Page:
“I was dropped from The Prince’s Trust, which I understand, but it broke my heart.
“I lost everything. It’s all gone. Telly was my safe place, the only thing I loved. Now I don’t know if I’ll ever work in television again.
“I don’t know what my identity is anymore. I don’t know who I am now. What happens in six months? What should I do?
“Now I have the rest of my life to plan for Steph and the girls and hope I can take care of them.”
Overnight, the star, a household name and once national treasure, feels like he’s lost everything.
His huge salary is gone. He will not sue ITV, nor is he asking for a settlement package.
He says: “I think when you’ve caused this damage, you can’t expect anything. It’s my fault. I understand completely.”
He turns his hands over and reveals a cluster of blisters and calluses – another physical sign of this ongoing saga. “I vaped a lot,” he sighs.
“I didn’t realize it until it suddenly hurt, but I would sit there and look up at the sky or out the window and just stare into space.
“I just sit on the sofa and stare. I realize this has given me blisters on both hands.”
Someone who’s also been hit incredibly hard is his mother Pat, 87.
Earlier this month their youngest son, Timothy, 54, was sentenced to 12 years in prison.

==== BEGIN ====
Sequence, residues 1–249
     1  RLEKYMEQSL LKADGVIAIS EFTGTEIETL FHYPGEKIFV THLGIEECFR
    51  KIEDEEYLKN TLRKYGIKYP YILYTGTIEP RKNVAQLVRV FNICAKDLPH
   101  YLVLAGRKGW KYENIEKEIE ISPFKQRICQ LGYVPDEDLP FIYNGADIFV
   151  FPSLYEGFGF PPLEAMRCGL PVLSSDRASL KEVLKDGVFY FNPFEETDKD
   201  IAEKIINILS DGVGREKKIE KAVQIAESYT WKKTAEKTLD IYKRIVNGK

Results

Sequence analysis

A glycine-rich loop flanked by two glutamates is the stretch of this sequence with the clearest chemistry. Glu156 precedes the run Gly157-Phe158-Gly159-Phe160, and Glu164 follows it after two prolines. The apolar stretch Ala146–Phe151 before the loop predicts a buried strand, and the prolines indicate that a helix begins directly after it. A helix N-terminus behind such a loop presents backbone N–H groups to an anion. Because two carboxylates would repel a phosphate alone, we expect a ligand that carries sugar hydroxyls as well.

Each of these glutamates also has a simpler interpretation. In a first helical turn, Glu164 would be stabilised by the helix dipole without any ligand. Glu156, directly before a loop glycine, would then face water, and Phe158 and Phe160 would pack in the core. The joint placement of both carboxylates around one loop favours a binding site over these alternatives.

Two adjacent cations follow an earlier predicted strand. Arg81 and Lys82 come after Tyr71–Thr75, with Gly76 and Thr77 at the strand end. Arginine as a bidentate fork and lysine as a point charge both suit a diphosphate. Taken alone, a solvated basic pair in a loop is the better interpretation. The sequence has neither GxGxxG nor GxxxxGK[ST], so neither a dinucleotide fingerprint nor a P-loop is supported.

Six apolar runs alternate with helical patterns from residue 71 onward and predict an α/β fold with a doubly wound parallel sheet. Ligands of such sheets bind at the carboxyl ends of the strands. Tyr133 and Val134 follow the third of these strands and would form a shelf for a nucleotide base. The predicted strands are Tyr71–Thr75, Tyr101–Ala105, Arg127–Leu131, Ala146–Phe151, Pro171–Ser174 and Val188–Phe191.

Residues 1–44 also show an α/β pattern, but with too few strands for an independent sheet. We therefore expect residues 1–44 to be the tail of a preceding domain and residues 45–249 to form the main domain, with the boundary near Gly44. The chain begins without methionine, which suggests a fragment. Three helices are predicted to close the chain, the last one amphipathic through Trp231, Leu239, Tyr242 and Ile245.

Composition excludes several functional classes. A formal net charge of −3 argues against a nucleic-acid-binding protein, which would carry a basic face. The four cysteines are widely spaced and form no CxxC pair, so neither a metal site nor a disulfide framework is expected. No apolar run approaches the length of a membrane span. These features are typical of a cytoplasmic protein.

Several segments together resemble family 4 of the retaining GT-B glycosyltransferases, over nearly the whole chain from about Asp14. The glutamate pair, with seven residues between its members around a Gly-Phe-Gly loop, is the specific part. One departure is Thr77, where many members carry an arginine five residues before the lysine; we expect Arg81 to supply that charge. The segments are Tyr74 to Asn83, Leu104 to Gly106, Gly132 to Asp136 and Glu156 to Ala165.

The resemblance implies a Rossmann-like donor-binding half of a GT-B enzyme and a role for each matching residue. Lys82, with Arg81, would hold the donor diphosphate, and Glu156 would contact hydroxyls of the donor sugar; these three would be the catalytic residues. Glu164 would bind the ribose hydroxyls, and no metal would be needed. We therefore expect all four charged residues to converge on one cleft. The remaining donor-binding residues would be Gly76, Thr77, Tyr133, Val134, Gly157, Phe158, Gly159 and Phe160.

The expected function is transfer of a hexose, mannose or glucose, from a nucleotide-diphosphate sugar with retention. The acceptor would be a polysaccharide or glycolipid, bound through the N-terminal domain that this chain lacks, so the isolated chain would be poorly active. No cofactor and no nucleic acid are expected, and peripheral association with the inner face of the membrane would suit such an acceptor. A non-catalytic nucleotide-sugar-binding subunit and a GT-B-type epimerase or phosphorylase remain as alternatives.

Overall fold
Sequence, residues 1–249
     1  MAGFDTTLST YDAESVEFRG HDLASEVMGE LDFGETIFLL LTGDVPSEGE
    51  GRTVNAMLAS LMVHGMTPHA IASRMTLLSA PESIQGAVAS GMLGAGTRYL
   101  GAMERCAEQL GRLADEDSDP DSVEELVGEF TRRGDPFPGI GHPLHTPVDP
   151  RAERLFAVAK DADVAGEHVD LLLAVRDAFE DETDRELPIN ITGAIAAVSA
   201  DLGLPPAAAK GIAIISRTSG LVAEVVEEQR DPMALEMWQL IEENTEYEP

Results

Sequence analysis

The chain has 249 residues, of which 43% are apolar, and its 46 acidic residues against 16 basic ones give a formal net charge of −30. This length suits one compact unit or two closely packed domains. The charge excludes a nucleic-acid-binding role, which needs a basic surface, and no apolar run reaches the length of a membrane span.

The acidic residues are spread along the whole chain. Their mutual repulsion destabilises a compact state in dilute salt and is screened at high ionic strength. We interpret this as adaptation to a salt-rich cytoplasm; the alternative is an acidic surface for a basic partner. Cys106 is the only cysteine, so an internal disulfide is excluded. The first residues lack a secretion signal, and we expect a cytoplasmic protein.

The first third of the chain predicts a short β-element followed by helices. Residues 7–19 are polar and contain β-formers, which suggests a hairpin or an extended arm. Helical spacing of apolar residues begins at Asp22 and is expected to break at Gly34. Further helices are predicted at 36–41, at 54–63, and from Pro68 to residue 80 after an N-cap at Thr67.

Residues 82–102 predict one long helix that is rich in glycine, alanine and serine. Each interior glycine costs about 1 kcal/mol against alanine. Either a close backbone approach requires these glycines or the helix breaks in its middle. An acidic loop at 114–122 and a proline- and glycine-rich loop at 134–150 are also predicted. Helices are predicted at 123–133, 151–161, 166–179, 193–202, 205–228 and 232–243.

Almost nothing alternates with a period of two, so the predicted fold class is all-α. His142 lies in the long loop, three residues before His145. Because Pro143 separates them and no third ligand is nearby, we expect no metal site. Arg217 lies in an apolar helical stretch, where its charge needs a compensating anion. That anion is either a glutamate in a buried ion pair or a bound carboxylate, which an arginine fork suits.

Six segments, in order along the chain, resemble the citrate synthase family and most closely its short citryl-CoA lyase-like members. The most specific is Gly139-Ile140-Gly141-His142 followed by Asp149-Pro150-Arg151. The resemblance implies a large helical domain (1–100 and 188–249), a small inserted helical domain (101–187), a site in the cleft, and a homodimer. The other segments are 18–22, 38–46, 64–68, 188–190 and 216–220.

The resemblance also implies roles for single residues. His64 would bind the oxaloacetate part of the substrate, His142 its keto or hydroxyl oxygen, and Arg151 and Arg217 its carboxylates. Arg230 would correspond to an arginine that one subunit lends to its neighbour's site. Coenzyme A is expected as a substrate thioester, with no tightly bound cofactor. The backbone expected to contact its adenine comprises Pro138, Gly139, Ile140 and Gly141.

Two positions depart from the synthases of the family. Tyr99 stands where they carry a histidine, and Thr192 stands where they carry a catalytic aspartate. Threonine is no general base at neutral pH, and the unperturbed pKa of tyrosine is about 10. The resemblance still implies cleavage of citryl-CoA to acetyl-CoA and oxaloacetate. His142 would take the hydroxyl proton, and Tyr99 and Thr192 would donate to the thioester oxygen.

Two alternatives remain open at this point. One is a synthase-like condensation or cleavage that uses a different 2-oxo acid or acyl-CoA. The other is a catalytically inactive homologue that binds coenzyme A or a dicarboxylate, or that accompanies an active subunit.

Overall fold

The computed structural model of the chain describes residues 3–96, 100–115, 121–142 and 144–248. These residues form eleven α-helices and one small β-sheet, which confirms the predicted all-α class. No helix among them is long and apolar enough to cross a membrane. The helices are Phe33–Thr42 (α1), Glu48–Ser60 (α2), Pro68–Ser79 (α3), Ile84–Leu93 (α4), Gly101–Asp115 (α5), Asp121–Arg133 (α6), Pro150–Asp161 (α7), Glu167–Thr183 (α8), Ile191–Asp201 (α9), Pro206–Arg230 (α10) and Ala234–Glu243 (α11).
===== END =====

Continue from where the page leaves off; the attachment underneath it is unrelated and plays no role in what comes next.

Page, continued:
He was sentenced to 13 years in prison after being found guilty of a series of child sex crimes. The abuse spanned three years during which the victim was a teenager.
Timothy will serve two-thirds of his sentence before being released.
The plainclothes police officer was convicted of causing a child to observe sexual activity and engaging in sexual activity in the presence of a child.
He was also found guilty of three counts of inducing a child to engage in sexual activity and two counts of sexual activity with a child.
In a statement on the victim’s impact, the boy said how the abuse left him “bitter” and “lifeless”.
He said he felt trapped in a loop of fear and anxiety that only ended when Timothy Schofield was arrested.
The case tore the Schofield family apart. Phillip is thrilled when he talks about his mum, adding: “I had to go to Cornwall to be with her for the sentencing.
“Our family thing has always been to buy fish and chips and sit on the headland. I picked my mom up and she went in to get the fish and chips and while she was getting it my phone rang.
“My manager at the time said, ‘Mate, I’m so sorry, it’s gotten too loud for ITV. You must step down from This Morning.’
“Before I arrived, she said to me, ‘You don’t bring bad news, do you?’
“She was in the car and very happy to see me. Then she said, “Oh, your face has changed.” I said, let’s go to the headland. And I had to tell her. She is devastated.”
He claims ITV offered him therapy but has yet to take it.
Instead, he relies on his wife, daughters and friends. He was also contacted by a number of former colleagues who offered him support.
“A friend said to me today, ‘Remember, you are the person your friends know.’ The people who love you.
“The people who have worked with you and love you because of working with you. All.”
“You hope decent people don’t believe (the bad things) but at three in the morning it keeps me up.
“Someone, a lovely man named Tony, who escorted me here today said, ‘You keep smiling,’ but I just don’t know how.”